Tofacitinib (Xeljanz), taken with a drug called methotrexate, is available on the NHS. It is a possible treatment for severe active rheumatoid arthritis in adults, only if:
- the disease has not responded well enough to conventional disease-modifying antirheumatic drugs (DMARDs) or
- the disease has not responded well enough to other DMARDs, including at least 1 biological DMARD, or the person cannot have them, and they cannot have rituximab.
Tofacitinib can be used alone if people cannot have methotrexate.
Treatment should be stopped after 6 months if the rheumatoid arthritis is not responding well enough.
If you are not eligible for tofacitinib but are already taking it, you should be able to continue until you and your doctor decide when best to stop.
Is this treatment right for me?
Your healthcare professionals should give you clear information, talk with you about your options and listen carefully to your views and concerns. Your family can be involved too, if you wish. Read more about making decisions about your care.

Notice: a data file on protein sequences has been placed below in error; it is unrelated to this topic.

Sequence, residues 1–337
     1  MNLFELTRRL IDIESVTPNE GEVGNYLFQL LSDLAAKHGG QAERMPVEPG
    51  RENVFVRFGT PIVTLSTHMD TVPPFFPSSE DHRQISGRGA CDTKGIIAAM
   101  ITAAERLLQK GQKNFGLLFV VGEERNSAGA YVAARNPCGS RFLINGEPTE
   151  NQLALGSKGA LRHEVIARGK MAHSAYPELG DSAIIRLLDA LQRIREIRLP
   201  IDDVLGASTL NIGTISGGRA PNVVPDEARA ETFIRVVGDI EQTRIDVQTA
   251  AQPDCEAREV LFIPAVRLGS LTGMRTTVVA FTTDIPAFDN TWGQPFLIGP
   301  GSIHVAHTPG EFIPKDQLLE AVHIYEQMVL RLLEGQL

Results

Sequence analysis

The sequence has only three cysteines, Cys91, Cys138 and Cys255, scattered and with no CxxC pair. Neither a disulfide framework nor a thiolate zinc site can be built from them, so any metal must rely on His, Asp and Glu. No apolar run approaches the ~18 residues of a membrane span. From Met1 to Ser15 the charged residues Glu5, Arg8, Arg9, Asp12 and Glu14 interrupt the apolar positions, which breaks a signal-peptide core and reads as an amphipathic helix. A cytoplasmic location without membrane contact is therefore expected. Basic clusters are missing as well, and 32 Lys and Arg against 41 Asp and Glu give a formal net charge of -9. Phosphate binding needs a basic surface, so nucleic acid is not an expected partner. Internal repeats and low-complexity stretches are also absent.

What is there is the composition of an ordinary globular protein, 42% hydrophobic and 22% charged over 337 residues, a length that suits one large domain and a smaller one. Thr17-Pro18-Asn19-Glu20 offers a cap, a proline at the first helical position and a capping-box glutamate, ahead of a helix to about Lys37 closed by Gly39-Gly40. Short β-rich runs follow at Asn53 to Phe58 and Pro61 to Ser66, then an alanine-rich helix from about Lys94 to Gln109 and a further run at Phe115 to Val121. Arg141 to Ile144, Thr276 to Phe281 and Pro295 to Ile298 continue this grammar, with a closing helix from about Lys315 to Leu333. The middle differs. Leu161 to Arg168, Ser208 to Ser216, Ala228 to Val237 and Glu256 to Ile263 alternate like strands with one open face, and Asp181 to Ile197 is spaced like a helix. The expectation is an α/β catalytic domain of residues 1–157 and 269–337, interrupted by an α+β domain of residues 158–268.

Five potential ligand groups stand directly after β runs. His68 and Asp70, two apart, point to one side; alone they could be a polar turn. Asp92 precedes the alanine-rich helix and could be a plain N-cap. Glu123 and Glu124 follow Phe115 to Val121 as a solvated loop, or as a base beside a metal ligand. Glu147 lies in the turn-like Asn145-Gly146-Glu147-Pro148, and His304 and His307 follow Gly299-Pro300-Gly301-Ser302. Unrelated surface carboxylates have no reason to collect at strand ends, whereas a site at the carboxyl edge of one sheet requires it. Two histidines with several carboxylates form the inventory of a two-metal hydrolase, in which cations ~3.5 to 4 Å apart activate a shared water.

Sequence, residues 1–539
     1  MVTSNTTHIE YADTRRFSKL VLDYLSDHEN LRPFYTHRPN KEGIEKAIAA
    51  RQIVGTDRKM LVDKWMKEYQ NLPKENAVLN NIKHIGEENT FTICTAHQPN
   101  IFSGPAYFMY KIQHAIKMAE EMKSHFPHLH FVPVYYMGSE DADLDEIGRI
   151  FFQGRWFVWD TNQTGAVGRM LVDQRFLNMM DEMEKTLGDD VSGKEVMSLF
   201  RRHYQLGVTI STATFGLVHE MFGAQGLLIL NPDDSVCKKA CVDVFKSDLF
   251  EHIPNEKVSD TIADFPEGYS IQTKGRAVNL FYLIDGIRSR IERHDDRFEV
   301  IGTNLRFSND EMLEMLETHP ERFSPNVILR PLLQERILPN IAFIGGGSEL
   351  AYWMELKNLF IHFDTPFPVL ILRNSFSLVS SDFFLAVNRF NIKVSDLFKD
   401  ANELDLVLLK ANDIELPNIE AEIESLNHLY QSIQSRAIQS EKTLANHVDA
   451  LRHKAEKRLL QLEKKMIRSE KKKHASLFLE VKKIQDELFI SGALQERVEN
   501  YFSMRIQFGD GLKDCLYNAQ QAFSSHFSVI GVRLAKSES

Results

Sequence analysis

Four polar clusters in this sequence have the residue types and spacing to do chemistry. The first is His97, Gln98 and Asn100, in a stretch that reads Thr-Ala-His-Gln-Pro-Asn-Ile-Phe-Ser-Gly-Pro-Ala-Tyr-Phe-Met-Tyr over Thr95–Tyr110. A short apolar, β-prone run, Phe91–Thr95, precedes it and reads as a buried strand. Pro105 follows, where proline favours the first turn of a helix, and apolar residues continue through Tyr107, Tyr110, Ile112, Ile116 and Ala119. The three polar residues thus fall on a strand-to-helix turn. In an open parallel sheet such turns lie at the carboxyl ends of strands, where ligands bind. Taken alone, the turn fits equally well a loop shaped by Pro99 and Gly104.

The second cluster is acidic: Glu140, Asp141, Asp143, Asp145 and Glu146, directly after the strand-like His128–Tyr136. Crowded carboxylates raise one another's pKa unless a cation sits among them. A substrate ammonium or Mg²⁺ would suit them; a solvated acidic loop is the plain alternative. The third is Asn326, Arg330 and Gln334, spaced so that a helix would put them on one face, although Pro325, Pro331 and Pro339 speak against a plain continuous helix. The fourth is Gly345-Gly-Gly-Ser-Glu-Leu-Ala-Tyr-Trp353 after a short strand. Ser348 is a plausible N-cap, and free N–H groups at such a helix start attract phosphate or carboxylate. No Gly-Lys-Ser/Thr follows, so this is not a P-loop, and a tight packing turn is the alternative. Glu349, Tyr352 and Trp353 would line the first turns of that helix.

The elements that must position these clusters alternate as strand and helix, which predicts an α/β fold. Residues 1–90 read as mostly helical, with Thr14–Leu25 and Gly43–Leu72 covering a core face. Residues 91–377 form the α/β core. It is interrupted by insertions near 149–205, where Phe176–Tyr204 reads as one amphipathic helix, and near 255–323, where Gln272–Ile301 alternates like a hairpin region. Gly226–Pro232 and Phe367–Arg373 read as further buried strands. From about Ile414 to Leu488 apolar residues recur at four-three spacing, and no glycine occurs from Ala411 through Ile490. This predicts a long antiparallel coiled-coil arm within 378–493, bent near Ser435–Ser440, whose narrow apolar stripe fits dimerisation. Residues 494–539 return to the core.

Questions to think about
- How well does it work compared with other treatments?
- What are the risks or side effects? How likely are they?
- How will the treatment affect my day-to-day life?
- What happens if the treatment does not work?
- What happens if I do not want to have treatment? Are there other treatments available?
Information and support
NHS Choices may be a good place to find out more.
These organisations can give you advice and support:
- Arthritis Action, 0203 781 7120
- Arthritis Care, 0808 800 4050
- Arthritis and Musculoskeletal Alliance, 0203 856 1978
- Arthritis Research UK, 0300 790 0400
- National Rheumatoid Arthritis Society, 0800 298 7650
NICE is not responsible for the quality or accuracy of any information or advice provided by these organisations.
This page was last updated: 11 October 2017